written by none, July 25, 2007
Hector, what the viagra online switzerland hell are you talking about? anyone reading this article knows how much a gb and tb are. and uhm, the size has nothing to do with POWER CONSUMPTION. Can you say dee dee dee beaner? haha. and seriously, did you not see in the article where it says "the first of these 1tb drives will be shipping this month" yeah, that means you have the REGULAR mybook - not the eco friendly ones. damn, do people even read these the whole way through before commenting?
Hector is not stupid
written by nona, July 26, 2007
Calm the hell down, people. Hector was talking about the misspelling of terrabyte because it contains "terra", the Latin name for "Earth", which makes it beautifully appropriate.

Also: officially, 1000^4 bytes is a terabyte, and 1024^4 is a tebibyte.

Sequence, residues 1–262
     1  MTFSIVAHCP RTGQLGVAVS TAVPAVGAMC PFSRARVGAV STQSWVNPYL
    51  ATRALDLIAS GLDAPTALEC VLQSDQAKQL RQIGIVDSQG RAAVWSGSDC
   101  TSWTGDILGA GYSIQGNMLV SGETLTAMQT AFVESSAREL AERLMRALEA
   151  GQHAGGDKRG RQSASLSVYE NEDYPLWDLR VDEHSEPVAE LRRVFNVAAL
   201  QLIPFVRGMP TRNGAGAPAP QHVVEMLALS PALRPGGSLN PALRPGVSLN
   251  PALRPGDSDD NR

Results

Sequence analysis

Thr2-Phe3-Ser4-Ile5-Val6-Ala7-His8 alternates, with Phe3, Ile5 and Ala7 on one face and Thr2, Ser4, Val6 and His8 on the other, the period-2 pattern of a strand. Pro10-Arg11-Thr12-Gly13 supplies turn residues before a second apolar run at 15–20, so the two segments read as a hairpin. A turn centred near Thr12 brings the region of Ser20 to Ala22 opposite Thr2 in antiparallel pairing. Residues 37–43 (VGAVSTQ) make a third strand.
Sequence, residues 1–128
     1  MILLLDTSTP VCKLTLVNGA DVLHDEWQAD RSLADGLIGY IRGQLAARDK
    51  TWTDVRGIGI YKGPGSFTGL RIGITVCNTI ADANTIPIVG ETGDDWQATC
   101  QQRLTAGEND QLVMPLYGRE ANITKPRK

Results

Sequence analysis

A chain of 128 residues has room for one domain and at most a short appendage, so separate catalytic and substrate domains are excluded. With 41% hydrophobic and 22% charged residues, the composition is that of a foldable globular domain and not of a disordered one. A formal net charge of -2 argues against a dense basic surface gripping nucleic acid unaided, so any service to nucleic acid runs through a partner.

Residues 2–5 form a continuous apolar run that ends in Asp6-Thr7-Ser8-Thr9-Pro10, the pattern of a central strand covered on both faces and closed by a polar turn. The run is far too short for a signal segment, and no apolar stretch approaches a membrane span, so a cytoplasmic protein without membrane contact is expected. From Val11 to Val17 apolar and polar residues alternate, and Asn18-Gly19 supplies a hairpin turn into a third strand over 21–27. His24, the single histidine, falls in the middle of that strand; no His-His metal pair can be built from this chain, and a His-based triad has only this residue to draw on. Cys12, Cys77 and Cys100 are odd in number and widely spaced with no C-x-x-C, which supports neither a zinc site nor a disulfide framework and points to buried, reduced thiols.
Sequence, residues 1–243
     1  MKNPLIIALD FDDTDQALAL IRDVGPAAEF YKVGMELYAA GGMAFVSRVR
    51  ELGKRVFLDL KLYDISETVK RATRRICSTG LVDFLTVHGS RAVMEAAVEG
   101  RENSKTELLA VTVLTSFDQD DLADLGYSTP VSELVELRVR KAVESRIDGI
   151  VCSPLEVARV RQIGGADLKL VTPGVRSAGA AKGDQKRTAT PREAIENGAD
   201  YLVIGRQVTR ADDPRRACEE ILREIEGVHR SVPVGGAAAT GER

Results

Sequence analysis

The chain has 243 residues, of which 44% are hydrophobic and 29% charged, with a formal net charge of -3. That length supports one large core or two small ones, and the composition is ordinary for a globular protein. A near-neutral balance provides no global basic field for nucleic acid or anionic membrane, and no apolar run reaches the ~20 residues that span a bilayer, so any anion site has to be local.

written by Kyle, July 26, 2007
I just bought a MyBook a couple of months ago. Its done the job, but I wish I would have read this article first.
Y'all ARE ecogeeks! or Why I Bought a WD
written by mahalie, July 26, 2007
Wow, way to get OCD on the measuring space. For anyone who's still reading comments at this point, I bought a My Drive because others on the Ubuntu forums had had good luck with it and online levitra prescriptions my network admin said he's had bad luck with Maxtors and good luck with Western Digital as far as cheap drives go.
written by Corrado Busetto, July 26, 2007
Thank you for the correction guys! :) I totally missed that! :o even if would be disputable the HD manufacturers companies measuring methods since they are selling a 512GB which is recognized by our computers as a 476.8GB, all the files in our computer are measured in binary base. Computers work in binary, not in decimal! >:( I always thought it was just a format problem... :P
thanks again